Echo, the pretty, resonant name of a legendary nymph, was the heroine of Joss Whedon's sci-fi series Dollhouse. Nick Hexum, of the band 311, named his daughter Echo Love.
  10. Eden
    • Origin:

      Hebrew
    • Meaning:

      "place of pleasure, delight"
    • Description:

      Eden is an attractive, serene name with obvious intimations of Paradise, one of several place names drawn from the Bible by the Puritans in the seventeenth century.
  11. Eos
    • Origin:

      Greek; Welsh
    • Meaning:

      "dawn; nightingale"
    • Description:

      Eos -- that's pronounced with a short e like eros without the r -- is the Greek Titan of the dawn. Any ancient name with a sleek modern feel has definite revival possibilities. Eos could be an inventive way to honor grandma Dawn.
  12. Eris
    • Origin:

      Greek
    • Meaning:

      "strife, discord"
    • Description:

      Eris was the goddess of strife and discord, turned fairy tale and then popular culture figure Maleficent in Sleeping Beauty. Ironic, as her name sounds so much like that of Eros, the god of love.
  13. Esther
    • Origin:

      Persian
    • Meaning:

      "star"
    • Description:

      Esther was derived from the Old Persian word stāra, meaning "star." In the Old Testament, Esther, originally named Hadassah, was the captured Jewish wife of the King of Persia who risked her life to save her exiled people from annihilation. This story is celebrated by Jews on the holiday of Purim, so that it has traditionally been given to girls around that time.
  14. Eve
    • Origin:

      Hebrew
    • Meaning:

      "life"
    • Description:

      Eve, the oldest name in the Book, is now coming back into style, having the virtues of simplicity and purity, yet with more strength and resonance than other single-syllable names like Ann. British actor Clive Owen chose Eve for his daughter, as did Jessica Capshaw.
  15. Judah
    • Origin:

      Hebrew
    • Meaning:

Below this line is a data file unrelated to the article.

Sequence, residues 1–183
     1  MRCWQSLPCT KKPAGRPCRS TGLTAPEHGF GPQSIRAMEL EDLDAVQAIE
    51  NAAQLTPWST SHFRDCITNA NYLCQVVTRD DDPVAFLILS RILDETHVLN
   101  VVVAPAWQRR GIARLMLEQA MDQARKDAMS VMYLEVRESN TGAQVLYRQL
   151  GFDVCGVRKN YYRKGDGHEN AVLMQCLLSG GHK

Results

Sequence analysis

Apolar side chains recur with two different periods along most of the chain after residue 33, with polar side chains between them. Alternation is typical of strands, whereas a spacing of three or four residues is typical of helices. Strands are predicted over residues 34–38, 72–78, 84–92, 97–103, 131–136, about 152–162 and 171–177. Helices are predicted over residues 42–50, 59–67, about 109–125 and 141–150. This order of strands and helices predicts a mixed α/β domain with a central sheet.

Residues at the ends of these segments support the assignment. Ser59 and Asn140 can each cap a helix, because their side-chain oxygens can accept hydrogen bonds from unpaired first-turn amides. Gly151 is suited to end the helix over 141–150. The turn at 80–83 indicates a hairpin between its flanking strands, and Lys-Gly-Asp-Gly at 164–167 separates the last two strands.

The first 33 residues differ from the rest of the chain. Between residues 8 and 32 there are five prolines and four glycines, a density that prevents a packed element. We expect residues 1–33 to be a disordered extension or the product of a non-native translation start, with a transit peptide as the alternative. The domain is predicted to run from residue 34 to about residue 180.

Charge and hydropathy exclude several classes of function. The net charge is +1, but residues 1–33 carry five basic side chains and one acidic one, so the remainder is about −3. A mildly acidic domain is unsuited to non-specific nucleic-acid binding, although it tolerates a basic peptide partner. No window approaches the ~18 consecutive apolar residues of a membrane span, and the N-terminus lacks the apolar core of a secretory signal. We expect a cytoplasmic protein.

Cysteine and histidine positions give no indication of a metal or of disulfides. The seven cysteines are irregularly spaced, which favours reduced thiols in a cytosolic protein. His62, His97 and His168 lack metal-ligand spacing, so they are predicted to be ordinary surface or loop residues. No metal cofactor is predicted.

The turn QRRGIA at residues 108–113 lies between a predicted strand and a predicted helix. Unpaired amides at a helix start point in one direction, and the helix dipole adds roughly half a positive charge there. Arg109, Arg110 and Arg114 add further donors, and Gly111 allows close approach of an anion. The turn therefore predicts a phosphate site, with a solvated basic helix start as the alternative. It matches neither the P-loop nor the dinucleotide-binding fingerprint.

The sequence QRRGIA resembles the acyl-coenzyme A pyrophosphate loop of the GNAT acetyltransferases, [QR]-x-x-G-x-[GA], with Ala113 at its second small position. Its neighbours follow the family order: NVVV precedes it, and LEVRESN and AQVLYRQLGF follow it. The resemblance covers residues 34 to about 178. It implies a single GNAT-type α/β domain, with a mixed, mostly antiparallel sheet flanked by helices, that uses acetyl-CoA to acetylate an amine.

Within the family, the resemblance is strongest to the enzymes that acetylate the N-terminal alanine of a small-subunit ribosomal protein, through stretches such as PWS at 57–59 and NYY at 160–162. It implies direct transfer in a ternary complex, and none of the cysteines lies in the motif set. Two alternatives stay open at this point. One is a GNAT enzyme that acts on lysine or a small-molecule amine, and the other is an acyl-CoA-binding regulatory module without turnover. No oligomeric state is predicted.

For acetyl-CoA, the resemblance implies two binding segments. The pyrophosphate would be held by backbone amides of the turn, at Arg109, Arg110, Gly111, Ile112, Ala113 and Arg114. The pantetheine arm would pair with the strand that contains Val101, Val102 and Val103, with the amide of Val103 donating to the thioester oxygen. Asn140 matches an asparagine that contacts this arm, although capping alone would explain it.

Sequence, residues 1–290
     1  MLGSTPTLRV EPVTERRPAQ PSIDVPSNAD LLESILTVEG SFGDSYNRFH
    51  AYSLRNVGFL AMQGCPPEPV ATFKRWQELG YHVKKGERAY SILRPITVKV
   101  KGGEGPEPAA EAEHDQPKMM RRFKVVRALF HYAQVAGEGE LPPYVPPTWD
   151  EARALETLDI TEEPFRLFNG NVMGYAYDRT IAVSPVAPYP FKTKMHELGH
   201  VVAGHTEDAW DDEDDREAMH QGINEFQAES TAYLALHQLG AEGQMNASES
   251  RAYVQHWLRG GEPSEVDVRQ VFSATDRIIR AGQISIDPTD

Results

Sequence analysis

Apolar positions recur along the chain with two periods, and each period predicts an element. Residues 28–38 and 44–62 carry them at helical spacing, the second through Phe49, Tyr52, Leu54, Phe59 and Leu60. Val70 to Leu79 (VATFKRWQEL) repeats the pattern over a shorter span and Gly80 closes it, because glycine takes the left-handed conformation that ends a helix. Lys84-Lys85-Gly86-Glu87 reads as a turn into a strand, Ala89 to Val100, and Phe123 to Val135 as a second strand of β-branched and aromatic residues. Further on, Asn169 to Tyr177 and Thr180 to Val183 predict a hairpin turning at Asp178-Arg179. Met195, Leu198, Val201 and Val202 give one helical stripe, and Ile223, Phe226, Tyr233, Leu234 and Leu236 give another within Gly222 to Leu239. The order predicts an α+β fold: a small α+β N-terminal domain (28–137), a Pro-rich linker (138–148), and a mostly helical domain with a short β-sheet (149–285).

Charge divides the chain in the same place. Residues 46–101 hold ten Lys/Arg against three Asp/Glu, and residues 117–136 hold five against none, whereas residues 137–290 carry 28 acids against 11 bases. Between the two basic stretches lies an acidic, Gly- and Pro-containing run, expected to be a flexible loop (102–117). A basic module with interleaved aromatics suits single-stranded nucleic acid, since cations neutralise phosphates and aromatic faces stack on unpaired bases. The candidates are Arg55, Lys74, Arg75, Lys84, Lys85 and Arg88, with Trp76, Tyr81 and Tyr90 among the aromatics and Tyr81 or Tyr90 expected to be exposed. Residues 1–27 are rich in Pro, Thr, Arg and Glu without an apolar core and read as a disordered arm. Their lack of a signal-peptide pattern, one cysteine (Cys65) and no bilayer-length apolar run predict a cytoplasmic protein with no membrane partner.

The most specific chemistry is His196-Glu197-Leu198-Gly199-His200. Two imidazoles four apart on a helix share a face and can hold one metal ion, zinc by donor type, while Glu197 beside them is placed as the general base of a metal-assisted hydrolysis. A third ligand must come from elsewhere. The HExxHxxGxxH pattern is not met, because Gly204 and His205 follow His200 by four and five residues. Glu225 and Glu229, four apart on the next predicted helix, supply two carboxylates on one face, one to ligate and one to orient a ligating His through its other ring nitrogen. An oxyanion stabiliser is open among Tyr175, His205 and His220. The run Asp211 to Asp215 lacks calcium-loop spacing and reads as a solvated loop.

"praised"
    • Description:

      Judah is the strong, resonant Old Testament name of the son of Jacob who was the ancestor of one of the tribes of Israel, and from whom the word Jew is derived. Some of the names' popularity might be attributable to the similarly named Jude Law.
  16. Levi
    • Origin:

      Hebrew
    • Meaning:

      "joined, attached"
    • Description:

      Levi, lighter and more energetic than most biblical names, with its up vowel ending, combines Old Testament gravitas with the casual flair associated with Levi Strauss jeans.
  17. Lilith
    • Origin:

      Assyrian, Sumerian
    • Meaning:

      "ghost, night monster"
    • Description:

      Lilith is derived from the Akkadian word lilitu meaning "of the night." In Jewish folklore she is portrayed as Adam's rejected first wife, who was turned into a night demon for refusing to obey him. Lilith is unrelated to most other Lil- names, with the exception of Lilita, which is the Latvian variation.
  18. Leto
    • Niobe
      • Origin:

        Greek mythology name
      • Description:

        The mythological queen whose perpetual weeping for her slain children turned her into a stone has always cast a pall over this name. Still, when other names with less-than-savory associations -- Delilah, Ophelia, Persephone -- are becoming popular, parents might want to consider this one of the more unusual mythology names for girls.
    • Ondine
      • Origin:

        Latin
      • Meaning:

        "little wave"
      • Description:

        Mythological spirit of the waters; spelled Undine, she was an Edith Wharton heroine.